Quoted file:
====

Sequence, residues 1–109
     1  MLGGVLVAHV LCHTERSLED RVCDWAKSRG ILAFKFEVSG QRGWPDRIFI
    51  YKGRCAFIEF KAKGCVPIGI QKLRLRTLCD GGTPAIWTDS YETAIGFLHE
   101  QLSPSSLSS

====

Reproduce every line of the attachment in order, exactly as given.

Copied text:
Sequence, residues 1–109
     1  MLGGVLVAHV LCHTERSLED RVCDWAKSRG ILAFKFEVSG QRGWPDRIFI
    51  YKGRCAFIEF KAKGCVPIGI QKLRLRTLCD GGTPAIWTDS YETAIGFLHE
   101  QLSPSSLSS